Beirut designer Richard Yasmine has created a collection of extra-thin hand mirrors that slot into bases made from marble and brass (+ slideshow).
Each piece in the range references shapes from the stained glass facade of the Sursock Museum in Beirut, and includes circular, rectangular, triangular and hexagonal vanity mirrors held on slender stems.
Grooves in accompanying bases, which are similarly made in geometric shapes, allow the mirrors to be held in place. The marble and brass of each base contrasts with the polished stainless steel of the mirrors, which are edged in a gold finish.
"The extremely thin hand mirrors figuratively cut a slice of these solid bases, making a rift where it fits inside and giving the image of a surrealistic, oversized, fashionable cutlery set," said Yasmine, who previously created a marble table with phallic brass legs.
The collection is reminiscent of a similarly sculptural range created by Stockholm's Studio EO, which placed glass vases that appeared to be melting on top of bases made from solid wedges of marble.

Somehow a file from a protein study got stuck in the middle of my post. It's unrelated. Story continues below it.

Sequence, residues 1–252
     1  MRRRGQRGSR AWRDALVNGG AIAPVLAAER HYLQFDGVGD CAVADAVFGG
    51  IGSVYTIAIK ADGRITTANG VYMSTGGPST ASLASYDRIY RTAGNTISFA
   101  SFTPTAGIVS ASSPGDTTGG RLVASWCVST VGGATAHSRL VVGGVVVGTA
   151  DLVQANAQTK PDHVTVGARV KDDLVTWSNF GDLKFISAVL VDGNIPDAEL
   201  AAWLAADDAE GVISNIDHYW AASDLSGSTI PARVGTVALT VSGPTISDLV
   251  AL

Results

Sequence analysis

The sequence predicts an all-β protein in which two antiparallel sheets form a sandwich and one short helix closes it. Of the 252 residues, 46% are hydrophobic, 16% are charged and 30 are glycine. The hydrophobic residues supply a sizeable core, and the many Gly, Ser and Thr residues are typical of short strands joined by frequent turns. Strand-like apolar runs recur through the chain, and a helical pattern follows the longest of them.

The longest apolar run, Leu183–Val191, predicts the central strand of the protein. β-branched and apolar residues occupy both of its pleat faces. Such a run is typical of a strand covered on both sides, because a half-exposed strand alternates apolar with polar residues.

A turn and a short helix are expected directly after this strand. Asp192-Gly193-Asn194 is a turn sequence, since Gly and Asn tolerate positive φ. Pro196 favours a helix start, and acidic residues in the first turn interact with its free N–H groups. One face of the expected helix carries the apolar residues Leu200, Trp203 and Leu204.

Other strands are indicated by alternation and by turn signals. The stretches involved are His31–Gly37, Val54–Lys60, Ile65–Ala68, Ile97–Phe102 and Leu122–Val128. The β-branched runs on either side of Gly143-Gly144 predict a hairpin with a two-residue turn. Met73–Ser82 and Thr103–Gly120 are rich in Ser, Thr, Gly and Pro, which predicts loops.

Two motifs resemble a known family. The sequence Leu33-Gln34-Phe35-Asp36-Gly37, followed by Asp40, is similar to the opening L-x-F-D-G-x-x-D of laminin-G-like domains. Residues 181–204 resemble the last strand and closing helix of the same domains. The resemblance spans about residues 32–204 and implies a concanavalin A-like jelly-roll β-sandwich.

Yasmine has also recently completed a range of solid marble tables, shaped to resemble oversized nails.
Named Clou – the French word for nail – the circular tabletop is divided by a groove, and rests on a single stem which slots into an accompanying pedestal. The furniture is available in both black and white marble, and bases can be mix-and-matched.
Marble has made an appearance in a number of recent furniture projects, used by Nendo to create a set of leaning tables, and wrapped in brass by Bethan Gray, also for a table collection.
The Ashkal collection is available from the Sursock Museum store.
Photography is by BizarreBeirut.